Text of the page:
Jacob Burckhardt's view that Renaissance European women "stood on a footing of perfect equality" with Renaissance men has been repeatedly cited by feminist scholars as a prelude to their presentation of rich historical evidence of women's inequality. In striking contrast to Burckhardt, Joan Kelly in her famous 1977 essay, "Did Women Have a Renaissance?" argued that the Renaissance was a period of economic and social decline for women relative both to Renaissance men and to medieval women. Recently, however, a significant trend among feminist scholars has entailed a rejection of both Kelly's dark vision of the Renaissance and Burckhardt's rosy one. Many recent works by these scholars stress the ways in which differences among Renaissance women—especially in terms of social status and religion—work to complicate the kinds of generalizations both Burckhardt and Kelly made on the basis of their observations about upper-class Italian women.
The trend is also evident, however, in works focusing on those middle- and upper-class European women whose ability to write gives them disproportionate representation in the historical record. Such women were, simply by virtue of their literacy, members of a tiny minority of the population, so it is risky to take their descriptions of their experiences as typical of "female experience" in any general sense. Tina Krontiris, for example, in her fascinating study of six Renaissance women writers, does tend at times to conflate "women" and "women writers," assuming that women's gender, irrespective of other social differences, including literacy, allows us to view women as a homogeneous social group and make that group an object of analysis. Nonetheless, Krontiris makes a significant contribution to the field and is representative of those authors who offer what might be called a cautiously optimistic assessment of Renaissance women's achievements, although she also stresses the social obstacles Renaissance women faced when they sought to raise their "oppositional voices." Krontiris is concerned to show women intentionally negotiating some power for themselves (at least in the realm of public discourse) against potentially constraining ideologies, but in her sober and thoughtful concluding remarks, she suggests that such verbal opposition to cultural stereotypes was highly circumscribed; women seldom attacked the basic assumptions in the ideologies that oppressed them.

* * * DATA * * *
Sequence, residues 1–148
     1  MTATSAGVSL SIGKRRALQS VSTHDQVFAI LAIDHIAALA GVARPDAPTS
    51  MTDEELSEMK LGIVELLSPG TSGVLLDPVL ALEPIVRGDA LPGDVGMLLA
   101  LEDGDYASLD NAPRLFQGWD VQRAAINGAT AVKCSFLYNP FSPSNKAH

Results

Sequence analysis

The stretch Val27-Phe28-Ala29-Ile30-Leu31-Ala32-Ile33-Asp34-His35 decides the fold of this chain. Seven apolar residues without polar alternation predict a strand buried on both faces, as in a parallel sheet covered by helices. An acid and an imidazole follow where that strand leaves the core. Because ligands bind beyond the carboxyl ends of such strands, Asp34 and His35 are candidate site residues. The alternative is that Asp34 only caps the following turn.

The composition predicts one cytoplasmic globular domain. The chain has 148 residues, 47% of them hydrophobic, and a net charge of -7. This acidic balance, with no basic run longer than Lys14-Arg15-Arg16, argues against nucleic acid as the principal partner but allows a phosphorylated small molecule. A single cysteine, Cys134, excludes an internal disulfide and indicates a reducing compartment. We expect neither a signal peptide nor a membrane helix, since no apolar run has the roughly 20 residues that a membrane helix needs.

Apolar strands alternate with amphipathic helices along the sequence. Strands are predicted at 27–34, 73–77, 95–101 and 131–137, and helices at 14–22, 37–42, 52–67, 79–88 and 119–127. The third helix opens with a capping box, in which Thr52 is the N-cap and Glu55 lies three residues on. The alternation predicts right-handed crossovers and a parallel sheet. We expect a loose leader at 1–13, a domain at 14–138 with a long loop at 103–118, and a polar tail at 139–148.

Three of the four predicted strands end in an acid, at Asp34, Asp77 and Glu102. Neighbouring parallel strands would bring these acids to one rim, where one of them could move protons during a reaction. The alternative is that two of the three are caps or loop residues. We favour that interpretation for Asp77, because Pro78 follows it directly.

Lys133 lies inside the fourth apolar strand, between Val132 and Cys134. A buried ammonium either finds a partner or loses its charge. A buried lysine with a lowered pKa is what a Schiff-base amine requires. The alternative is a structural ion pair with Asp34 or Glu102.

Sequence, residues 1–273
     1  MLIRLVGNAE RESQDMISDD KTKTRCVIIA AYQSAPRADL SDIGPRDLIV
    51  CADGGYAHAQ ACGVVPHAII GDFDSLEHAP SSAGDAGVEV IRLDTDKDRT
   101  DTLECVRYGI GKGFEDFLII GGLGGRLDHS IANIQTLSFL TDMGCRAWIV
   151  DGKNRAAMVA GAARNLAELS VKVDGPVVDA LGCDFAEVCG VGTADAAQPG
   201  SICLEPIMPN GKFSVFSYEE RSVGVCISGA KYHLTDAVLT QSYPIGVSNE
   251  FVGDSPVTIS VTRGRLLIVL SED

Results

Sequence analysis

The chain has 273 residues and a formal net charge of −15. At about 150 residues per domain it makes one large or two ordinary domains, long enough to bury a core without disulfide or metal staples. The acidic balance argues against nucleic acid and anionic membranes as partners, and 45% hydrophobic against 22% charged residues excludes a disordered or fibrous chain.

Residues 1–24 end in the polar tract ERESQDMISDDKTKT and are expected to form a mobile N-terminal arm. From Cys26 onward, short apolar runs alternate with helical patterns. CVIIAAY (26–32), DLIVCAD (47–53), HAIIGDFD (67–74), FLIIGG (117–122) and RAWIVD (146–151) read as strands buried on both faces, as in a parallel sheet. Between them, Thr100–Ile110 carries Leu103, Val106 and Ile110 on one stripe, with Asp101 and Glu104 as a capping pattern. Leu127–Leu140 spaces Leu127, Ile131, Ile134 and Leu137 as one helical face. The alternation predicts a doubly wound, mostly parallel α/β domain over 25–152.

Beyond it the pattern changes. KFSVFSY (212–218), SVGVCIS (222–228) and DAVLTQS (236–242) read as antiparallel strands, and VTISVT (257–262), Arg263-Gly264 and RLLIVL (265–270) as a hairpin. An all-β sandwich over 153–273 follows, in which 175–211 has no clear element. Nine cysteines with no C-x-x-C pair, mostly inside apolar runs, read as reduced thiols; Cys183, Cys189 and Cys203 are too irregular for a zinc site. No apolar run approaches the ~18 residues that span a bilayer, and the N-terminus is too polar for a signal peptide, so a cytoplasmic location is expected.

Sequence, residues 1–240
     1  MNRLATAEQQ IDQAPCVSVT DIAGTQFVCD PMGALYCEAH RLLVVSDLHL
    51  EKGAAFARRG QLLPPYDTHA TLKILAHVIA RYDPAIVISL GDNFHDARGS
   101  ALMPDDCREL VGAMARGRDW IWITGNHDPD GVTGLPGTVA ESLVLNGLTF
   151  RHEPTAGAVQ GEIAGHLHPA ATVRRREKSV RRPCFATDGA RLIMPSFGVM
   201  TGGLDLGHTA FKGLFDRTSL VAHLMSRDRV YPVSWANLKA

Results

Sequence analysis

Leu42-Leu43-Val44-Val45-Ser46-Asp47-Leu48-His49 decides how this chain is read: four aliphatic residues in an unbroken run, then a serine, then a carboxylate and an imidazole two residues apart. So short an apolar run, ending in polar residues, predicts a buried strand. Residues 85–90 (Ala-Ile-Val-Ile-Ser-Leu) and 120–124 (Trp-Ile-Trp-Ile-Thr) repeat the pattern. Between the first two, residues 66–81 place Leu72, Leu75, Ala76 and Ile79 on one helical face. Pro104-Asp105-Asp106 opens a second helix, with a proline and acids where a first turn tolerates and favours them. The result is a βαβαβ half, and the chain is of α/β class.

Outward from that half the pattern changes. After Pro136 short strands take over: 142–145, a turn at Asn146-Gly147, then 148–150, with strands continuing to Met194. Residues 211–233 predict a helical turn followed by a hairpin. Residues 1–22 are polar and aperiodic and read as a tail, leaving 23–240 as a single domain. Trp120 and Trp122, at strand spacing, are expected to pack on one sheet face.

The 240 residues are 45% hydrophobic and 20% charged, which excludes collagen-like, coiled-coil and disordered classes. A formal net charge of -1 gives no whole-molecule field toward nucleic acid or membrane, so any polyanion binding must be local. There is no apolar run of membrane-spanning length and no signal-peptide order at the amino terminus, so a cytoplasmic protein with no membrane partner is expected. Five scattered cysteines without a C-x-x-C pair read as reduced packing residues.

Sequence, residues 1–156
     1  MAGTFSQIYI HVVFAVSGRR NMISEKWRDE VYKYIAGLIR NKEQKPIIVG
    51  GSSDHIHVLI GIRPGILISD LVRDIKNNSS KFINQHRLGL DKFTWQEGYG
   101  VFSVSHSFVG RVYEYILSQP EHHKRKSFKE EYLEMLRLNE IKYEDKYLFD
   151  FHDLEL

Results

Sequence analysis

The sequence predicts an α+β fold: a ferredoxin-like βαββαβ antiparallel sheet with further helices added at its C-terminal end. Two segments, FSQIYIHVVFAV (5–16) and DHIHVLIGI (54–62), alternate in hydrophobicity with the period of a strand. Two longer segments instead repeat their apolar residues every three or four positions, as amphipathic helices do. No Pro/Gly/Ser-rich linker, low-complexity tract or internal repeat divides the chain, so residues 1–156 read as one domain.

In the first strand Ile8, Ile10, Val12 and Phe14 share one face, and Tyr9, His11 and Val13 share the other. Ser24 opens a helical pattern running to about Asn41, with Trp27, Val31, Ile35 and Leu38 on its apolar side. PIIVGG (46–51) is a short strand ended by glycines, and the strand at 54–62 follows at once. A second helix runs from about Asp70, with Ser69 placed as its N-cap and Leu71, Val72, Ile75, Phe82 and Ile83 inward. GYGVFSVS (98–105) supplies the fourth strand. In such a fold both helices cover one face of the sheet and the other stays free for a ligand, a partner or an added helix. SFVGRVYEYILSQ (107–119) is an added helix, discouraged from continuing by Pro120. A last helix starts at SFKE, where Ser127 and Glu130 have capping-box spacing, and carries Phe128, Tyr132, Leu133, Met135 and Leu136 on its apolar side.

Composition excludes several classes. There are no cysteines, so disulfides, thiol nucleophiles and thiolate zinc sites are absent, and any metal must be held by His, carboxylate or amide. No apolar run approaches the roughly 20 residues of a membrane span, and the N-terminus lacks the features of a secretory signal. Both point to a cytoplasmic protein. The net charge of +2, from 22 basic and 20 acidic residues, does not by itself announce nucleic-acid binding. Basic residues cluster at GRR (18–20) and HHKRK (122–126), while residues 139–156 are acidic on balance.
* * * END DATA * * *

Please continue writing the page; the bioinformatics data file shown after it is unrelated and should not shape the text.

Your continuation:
The last sentence in the passage serves primarily to
suggest that Krontiris's work is not representative of recent trends among feminist scholars
undermine the argument that literate women of the Renaissance sought to oppose social constraints imposed on them
show a way in which Krontiris's work illustrates a "cautiously optimistic" assessment of Renaissance women's achievements
summarize Krontiris's view of the effect of literacy on the lives of upper- and middle-class Renaissance women
illustrate the way in which Krontiris's study differs from the studies done by Burckhardt and Kelly